Origin of nautical
Examples from the Web for nautical
Leave it to one of America's oldest artist colonies to put a uniquely creative spin on this nautical holiday tradition.
Dana Kennedy on the nautical newcomers and diminishing glamour of St. Tropez and Monte Carlo.
Our nautical experts (who had been at sea for three weeks anyhow) opined that it was "steering" for the Diamond Fields.The Siege of Kimberley|T. Phelan
Poor Giuseppe, in spite of his nautical costume, was man of all work.Jerry|Jean Webster
A nautical term for the holes cut in the flooring in a ship above the keelson, to allow water to drain to the pumps.
But once on this very voyage, during a storm, I had occasion to be convinced that nautical optics will assert their advantage.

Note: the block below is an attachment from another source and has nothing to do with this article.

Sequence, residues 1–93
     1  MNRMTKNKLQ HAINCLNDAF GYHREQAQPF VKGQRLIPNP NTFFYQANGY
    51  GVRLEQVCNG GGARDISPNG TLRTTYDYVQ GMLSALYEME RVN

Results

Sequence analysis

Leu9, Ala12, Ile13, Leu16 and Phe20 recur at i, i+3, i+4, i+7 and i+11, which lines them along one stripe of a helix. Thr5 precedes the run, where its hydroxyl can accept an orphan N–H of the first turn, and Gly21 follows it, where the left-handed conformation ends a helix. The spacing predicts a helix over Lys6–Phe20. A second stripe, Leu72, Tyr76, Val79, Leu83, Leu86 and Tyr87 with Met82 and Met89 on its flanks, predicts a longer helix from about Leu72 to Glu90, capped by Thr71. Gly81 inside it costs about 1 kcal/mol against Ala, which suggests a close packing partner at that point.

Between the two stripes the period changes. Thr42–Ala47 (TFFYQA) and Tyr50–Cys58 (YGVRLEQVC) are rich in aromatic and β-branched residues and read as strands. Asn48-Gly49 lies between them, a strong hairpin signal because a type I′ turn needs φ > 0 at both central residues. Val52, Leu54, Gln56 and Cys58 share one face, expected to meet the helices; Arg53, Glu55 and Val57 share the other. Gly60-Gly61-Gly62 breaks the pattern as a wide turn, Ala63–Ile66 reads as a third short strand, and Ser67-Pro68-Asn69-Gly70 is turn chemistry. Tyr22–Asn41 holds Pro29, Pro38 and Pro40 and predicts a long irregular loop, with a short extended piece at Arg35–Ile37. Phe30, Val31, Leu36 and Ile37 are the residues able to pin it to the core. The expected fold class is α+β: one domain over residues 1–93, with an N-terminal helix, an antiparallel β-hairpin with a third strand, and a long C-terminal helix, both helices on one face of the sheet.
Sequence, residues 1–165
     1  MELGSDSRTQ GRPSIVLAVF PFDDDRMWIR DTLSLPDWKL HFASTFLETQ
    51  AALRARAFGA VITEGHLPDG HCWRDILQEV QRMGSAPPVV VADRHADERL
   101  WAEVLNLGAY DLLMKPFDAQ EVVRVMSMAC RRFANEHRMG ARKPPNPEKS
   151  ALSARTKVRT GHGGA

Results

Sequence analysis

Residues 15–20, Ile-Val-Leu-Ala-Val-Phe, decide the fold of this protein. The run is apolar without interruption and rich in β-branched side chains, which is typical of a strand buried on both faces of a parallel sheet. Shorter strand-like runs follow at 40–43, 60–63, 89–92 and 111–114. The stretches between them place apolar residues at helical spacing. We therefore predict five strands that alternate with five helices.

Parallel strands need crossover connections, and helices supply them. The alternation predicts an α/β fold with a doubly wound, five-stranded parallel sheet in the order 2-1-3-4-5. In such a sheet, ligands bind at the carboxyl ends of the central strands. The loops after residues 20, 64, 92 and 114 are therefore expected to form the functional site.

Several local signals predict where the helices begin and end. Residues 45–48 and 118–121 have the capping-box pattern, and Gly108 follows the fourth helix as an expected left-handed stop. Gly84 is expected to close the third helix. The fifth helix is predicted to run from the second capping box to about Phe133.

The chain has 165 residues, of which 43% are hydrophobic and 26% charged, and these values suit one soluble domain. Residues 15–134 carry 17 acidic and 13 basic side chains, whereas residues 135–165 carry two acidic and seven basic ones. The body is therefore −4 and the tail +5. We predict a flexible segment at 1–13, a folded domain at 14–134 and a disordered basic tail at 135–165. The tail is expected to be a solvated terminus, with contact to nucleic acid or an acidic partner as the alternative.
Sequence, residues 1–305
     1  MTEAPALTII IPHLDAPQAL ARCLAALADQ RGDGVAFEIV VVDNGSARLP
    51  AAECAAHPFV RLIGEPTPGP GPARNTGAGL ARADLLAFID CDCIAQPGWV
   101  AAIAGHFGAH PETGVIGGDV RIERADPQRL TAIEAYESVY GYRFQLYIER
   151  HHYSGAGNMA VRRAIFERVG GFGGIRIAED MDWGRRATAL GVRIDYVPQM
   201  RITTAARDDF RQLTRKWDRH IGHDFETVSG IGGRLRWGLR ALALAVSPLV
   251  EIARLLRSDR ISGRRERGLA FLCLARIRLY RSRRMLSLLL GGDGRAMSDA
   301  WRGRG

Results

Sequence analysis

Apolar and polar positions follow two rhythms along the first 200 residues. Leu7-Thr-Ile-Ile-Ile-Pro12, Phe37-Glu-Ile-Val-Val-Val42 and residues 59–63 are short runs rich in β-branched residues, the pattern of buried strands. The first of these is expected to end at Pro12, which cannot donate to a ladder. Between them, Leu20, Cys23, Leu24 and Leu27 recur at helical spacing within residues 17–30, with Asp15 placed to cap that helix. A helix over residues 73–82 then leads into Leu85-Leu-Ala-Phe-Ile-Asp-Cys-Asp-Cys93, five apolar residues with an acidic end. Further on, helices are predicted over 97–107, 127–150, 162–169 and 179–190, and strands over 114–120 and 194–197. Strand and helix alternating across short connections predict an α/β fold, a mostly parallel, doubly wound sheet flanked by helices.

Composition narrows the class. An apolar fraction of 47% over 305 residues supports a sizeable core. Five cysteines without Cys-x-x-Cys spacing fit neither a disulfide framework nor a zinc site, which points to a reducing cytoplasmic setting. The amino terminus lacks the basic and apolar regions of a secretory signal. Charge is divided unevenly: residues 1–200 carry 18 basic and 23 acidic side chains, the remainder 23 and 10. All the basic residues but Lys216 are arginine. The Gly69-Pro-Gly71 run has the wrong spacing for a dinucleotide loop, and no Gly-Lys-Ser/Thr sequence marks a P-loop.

Only, upon peculiar occasions arose a necessity for a nautical power as amongst the resources of empire.The Posthumous Works of Thomas De Quincey, Vol. II (2 vols)|Thomas De Quincey
British Dictionary definitions for nautical
Word Origin for nautical
Word Origin and History for nautical
1550s, from -al (1) + nautic from Middle French nautique, from Latin nauticus "pertaining to ships or sailors," from Greek nautikos "seafaring, naval," from nautes "sailor," from naus "ship," from PIE *nau- "boat" (see naval).